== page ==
I was listening to Paul Winkler Saturday in the car. Mr. Winkler is an investment advisor who calls himself an “investment coach” and has a radio show called “The Investment Coaching Show.” He has a lot of great advice and any who are able to listen to his show (which I guess is everyone, given podcasts and iHeart Radio and all, should do so.
Mr. Winkler advises listeners to invest only in mutual funds and to spread out funds to achieve as much diversification as possible. This means putting money into US large caps and small caps, bonds, and also into international stocks. I’m not certain if he advises investing in real estate through REITs or REIT mutual funds or making other investments, but having exposure beyond the stock and bond market would provide more diversification. Real estate and stocks do not normally trend int he same directions at any given time, 2008 aside.
One point that he was making Saturday is that it makes no sense to invest in individual stocks because the risk is much higher and the rate of return, if things go well, is about the same. There is some good wisdom in this, since most people who invest in individual stocks tend to lag the market indices. I would also say that if you have no desire to make investing your hobby, there would be nothing wrong with just dropping your money in a set of mutual funds and rebalance them a once a year or so and be done with it.
If someone were to hand me a million dollars, I certainly would stick at least half of it in a set of index mutual funds. I know that if I did so the money would be protected from both inflation and the type of losses that were possible with individual stocks, and I would receive a decent return from my investment. I would probably call up Vanguard and put one-third each in a large cap fund, a small cap fund, and a mid cap fund. I might also add an international fund and maybe a growth fund and a value fund. I would probably take the rest, however, and put it into a set of carefully chosen stocks.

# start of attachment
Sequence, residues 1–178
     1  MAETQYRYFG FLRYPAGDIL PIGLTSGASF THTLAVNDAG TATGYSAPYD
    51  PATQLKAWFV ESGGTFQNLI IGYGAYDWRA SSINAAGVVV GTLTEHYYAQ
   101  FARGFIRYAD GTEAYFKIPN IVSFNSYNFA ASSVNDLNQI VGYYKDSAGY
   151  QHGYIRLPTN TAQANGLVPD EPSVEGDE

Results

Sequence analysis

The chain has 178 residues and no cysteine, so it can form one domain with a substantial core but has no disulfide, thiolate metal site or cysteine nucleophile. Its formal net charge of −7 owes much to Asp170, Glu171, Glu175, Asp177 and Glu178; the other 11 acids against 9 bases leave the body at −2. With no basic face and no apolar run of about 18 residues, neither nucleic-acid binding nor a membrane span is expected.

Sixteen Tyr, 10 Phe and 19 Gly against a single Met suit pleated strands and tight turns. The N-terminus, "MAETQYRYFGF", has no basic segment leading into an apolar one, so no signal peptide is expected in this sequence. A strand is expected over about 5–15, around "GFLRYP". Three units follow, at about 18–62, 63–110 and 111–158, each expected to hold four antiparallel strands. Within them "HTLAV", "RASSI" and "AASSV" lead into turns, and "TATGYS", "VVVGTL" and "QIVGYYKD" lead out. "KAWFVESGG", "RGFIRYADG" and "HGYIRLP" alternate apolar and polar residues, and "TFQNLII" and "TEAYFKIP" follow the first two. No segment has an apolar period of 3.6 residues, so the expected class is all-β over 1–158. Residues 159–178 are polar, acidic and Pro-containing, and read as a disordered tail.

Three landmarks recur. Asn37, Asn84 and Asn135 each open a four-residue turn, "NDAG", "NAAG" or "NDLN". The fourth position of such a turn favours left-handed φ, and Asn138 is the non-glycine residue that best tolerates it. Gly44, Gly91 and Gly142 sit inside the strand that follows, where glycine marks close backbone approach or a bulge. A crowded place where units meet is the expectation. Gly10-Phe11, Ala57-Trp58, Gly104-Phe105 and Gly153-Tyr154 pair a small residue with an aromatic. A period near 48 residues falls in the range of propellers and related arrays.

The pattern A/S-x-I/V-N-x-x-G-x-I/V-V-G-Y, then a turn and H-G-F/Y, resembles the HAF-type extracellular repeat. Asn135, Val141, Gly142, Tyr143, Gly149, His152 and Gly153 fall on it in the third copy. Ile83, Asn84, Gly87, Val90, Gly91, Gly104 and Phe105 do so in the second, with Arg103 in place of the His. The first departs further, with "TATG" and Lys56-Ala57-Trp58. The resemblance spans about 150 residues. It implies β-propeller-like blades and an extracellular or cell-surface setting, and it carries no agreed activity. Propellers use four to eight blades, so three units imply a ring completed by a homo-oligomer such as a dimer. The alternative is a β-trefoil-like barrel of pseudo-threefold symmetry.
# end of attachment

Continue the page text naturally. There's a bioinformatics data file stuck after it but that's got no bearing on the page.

The reason is that there are people who do beat the market by substantial margins by buying individual stocks. They are certainly not the norm, but there are enough of them out there to show that it is not just a fluke. The reason is that while the return of a randomly chosen basket of stocks will follow the market return, there are companies that over long periods of time grow substantially faster that others. These are companies like Microsoft, Intel, IBM, Home Depot, Procter and Gamble, GE, Exxon, and Berkshire Hathaway.
These companies are not a buy-and-hold forever investment like mutual funds would be. Certainly, most of the names on that list have been poor investments over the last several years since they have grown largely to their potential and have started to decline somewhat as rivals emerge or technology changes. Even if they have not declined, many of them have at least started to tread water. If one had bought a few hundred shares worth of any one of them fairly early in their life-cycle and held them while they grew, however, one would have done significantly better than the market indices and would have become a multi-millionaire.
So Mr. Winkler is absolutely right that investors should diversify their holdings, particularly when they have enough money to protect. Savings for things like retirement should also be well diversified to ensure that at least the market return will be gained. Mutual funds are an excellent way to do this, and the primary things to consider when buying mutual funds is that the expenses are low and the diversification provided by the mutual funds you hold is sufficient. Having some of your money invested in a few choice companies that have a good potential to beat the markets and dominate the industry in ten or twenty years, however, is also something many investors should consider.
Please contact me via firstname.lastname@example.org or leave a comment.
Follow me on Twitter to get news about new articles and find out what I’m investing in. @SmallIvy_SI
Disclaimer: This blog is not meant to give financial planning or tax advice. It gives general information on investment strategy, picking stocks, and generally managing money to build wealth. It is not a solicitation to buy or sell stocks or any security. Financial planning advice should be sought from a certified financial planner, which the author is not. Tax advice should be sought from a CPA. All investments involve risk and the reader as urged to consider risks carefully and seek the advice of experts if needed before investing.